The number of Americans filing new claims for unemployment benefits tumbled last week to its lowest level in nearly 15 years, adding to bullish signals on the labour market.
Initial claims for state unemployment benefits dropped 43,000 to a seasonally adjusted 265,000 for the week ended January 24, the lowest since April 2000, the Labor Department said yesterday. It was the biggest weekly decline since November 2012.
The drop, which far exceeded economists’ expectations for a fall to only 300,000, probably exaggerates the strength of the jobs market as the data included the Martin Luther King holiday, which means fewer claims were likely processed.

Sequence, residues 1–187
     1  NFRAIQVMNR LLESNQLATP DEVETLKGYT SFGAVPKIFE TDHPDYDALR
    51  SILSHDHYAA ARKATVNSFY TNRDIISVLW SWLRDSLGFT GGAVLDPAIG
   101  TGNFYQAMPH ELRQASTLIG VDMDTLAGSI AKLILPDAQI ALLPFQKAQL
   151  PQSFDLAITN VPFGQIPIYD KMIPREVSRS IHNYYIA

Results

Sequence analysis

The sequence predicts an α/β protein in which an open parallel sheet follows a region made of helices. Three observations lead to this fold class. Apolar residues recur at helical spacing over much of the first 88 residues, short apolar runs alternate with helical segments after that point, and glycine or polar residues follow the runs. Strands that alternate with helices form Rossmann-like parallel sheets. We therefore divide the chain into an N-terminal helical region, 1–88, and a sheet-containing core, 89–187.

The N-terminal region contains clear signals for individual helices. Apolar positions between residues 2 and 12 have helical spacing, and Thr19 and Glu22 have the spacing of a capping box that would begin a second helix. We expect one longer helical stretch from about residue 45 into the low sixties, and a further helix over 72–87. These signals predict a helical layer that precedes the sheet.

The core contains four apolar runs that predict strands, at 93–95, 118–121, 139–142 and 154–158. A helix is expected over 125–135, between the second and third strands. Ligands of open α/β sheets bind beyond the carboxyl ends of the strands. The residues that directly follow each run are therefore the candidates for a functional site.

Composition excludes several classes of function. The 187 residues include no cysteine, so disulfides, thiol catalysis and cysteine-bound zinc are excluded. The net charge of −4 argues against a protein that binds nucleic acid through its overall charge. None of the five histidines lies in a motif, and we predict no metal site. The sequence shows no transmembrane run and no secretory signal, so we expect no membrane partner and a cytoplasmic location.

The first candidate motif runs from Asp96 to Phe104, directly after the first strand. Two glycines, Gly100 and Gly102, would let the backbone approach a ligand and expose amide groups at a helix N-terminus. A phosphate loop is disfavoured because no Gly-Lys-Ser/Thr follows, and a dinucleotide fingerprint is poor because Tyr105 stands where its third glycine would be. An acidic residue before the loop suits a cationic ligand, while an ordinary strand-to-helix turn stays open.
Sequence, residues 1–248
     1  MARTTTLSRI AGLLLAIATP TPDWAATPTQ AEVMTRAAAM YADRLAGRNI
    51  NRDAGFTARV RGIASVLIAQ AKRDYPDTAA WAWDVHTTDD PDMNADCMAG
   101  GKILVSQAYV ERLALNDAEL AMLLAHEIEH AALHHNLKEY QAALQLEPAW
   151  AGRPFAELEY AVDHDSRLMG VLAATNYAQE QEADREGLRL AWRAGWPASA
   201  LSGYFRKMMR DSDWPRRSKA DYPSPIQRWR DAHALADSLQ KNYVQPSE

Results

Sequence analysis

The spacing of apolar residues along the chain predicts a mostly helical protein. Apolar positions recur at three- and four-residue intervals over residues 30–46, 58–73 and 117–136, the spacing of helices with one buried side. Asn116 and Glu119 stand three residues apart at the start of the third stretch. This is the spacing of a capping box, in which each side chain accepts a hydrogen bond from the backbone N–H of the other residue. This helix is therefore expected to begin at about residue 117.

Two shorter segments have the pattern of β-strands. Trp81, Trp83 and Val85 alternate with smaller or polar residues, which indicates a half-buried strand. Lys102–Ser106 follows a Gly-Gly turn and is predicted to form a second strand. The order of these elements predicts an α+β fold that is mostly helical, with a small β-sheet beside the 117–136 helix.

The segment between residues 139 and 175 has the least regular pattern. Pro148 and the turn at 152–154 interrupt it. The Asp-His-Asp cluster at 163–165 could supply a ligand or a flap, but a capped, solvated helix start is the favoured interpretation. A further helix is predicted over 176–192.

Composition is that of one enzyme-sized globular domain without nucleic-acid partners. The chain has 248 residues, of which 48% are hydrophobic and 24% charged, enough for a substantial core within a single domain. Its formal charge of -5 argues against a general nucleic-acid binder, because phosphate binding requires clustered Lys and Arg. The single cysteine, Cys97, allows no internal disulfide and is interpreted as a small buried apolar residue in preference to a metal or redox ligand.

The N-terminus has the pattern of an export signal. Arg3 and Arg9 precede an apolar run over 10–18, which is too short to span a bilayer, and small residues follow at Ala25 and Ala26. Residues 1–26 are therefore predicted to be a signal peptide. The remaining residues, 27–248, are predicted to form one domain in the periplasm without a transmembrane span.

It unwound the prior weeks’ increases, which had pushed claims above the key 300,000 threshold. Economists had largely dismissed that rise as “noise”, noting difficulties adjusting the data for seasonal fluctuations at the start of the year.
US stock index futures added slightly to gains on the data, while the dollar and prices for US Treasury debt were little changed.
The four-week moving average of claims, considered a better measure of labour market trends as it irons out week-to-week volatility, fell 8,250 last week to 298,500.
The latest decline in applications for unemployment aid bolsters views of tightening labour market conditions.